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The inner workings of ransomware double extortion

A unique aspect of the recent Pain Points: Ransomware Data Disclosure Trends report clarified not just what ransomware actors choose to disclose, but who discloses what, and how the ransomware landscape has changed over the past two years, Paul Prudhomme at Rapid7 explains.

user iconPaul Prudhomme
Tue, 09 Aug 2022
The inner workings of ransomware double extortion
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First, we should tell you that our research centred around the concept of double extortion. Unlike traditional ransomware attacks, where bad actors take over a victim's network and hold the data hostage for ransom, double extortion takes it a step further and extorts the victim for more money with the threat (and, in some cases, execution) of the release of sensitive data. In doing so, not only do victims experience ransomware attack, but they also experience a data breach, and the additional risk of that data becoming publicly available if they do not pay.

According to our research, there have been a handful of major players in the double extortion field starting in April 2020, when our data begins, and February 2022. Double extortion itself was, in many ways, pioneered by the Maze ransomware group, so it should not surprise anyone that we will focus on them first.

The rise and fall of Maze and the splintering of ransomware double extortion


Maze's influence on the current state of ransomware should not be understated. Prior to the group's pioneering of double extortion, many ransomware actors intended to sell the data they encrypted to other criminal entities. Maze, however, popularised another revenue stream for these bad actors, leaning on the victims themselves for more money. Using coercive pressure, Maze did an end run around one of the most important safeguards organisations can take against ransomware: having safely secured and regularly updated backups of their important data.

Throughout most of 2020, Maze was the leader of the double extortion tactic among ransomware groups, accounting for 30 per cent of the 94 reported cases of double extortion between April and December 2020. This is even more remarkable given the fact that Maze itself was shut down in November 2020.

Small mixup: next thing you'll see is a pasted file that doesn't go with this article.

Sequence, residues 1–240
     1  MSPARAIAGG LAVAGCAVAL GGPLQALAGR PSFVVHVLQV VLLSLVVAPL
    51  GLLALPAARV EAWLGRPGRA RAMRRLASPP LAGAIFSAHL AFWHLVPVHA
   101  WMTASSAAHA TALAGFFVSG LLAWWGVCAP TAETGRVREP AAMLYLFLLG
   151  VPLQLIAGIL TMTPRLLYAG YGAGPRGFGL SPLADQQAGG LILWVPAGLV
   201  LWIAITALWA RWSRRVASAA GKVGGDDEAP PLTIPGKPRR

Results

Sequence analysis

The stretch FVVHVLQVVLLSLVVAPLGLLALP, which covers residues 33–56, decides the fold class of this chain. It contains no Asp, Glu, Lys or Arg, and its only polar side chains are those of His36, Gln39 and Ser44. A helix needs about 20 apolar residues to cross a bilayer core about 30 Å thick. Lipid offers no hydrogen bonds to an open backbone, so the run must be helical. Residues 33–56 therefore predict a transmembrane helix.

Other top ransomware groups also accounted for large percentages of data disclosures. For instance, in that same year, REvil/Sodinokibi accounted for 19 per cent, Conti for 14 per cent, and NetWalker 12 per cent. To give some indication of just how big Maze's influence was and offer explanation for what happened after they were shut down, Maze and REvil/Sodinokibi accounted for nearly half of all double extortion attacks that year.

However, once Maze was out of the way, double extortion still continued, just with far more players taking smaller pieces of the pie. Conti and REvil/Sodinokibi were still major players in 2021, but their combined market share barely ticked up, making up just 35 per cent of the market even without Maze dominating the space. Conti accounted for 19 per cent, and REvil/Sodinokibi dropped to 16 per cent.

But other smaller players saw increases in 2021. CL0P's market share rose to 9 per cent, making it the third most active group. Darkside and RansomEXX both went from 2 per cent in 2020 to 6 per cent in 2021. There were 16 other groups who came onto the scene, but none of them took more than 5 per cent market share. Essentially, with Maze out of the way, the ransomware market splintered with even the big groups from the year before being unable to step in and fill Maze's shoes.

What they steal depends on who they are

Even ransomware groups have their own preferred types of data to steal, release, and hold hostage. REvil/Sodinokibi focused heavily on releasing customer and patient data (present in 55 per cent of their disclosures), finance and accounting data (present in 55 per cent of their disclosures), employee personal identity information (PII) and HR data (present in 52 per cent of their disclosures), and sales and marketing data (present in 48 per cent of their disclosures).

CL0P, on the other hand, was far more focused on employee PII and HR data with that type of information present in 70 per cent of their disclosures, more than double any other type of data. Conti overwhelmingly focused on finance and accounting data (present in 81 per cent of their disclosures) whereas customer and patient data was just 42 per cent and employee PII and HR data at just 27 per cent.

Ultimately, these organisations have their own unique interests in the type of data they choose to steal and release during the double extortion layer of their ransomware attacks. They can act as calling cards for the different groups that help illuminate the inner workings of the ransomware ecosystem.

Paul Prudhomme is head of Threat Intelligence Advisory at Rapid7.

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